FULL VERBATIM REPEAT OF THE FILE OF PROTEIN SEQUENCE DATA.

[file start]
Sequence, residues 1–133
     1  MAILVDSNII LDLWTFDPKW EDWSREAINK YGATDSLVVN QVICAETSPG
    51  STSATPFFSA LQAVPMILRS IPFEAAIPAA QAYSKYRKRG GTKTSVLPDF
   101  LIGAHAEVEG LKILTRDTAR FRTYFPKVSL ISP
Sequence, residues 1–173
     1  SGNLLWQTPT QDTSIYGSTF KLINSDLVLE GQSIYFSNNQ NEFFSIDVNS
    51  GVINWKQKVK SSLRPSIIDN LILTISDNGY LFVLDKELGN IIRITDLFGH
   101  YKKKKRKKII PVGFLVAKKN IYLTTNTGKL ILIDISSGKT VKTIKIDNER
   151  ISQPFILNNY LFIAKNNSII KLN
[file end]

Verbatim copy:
Sequence, residues 1–133
     1  MAILVDSNII LDLWTFDPKW EDWSREAINK YGATDSLVVN QVICAETSPG
    51  STSATPFFSA LQAVPMILRS IPFEAAIPAA QAYSKYRKRG GTKTSVLPDF
   101  LIGAHAEVEG LKILTRDTAR FRTYFPKVSL ISP
Sequence, residues 1–173
     1  SGNLLWQTPT QDTSIYGSTF KLINSDLVLE GQSIYFSNNQ NEFFSIDVNS
    51  GVINWKQKVK SSLRPSIIDN LILTISDNGY LFVLDKELGN IIRITDLFGH
   101  YKKKKRKKII PVGFLVAKKN IYLTTNTGKL ILIDISSGKT VKTIKIDNER
   151  ISQPFILNNY LFIAKNNSII KLN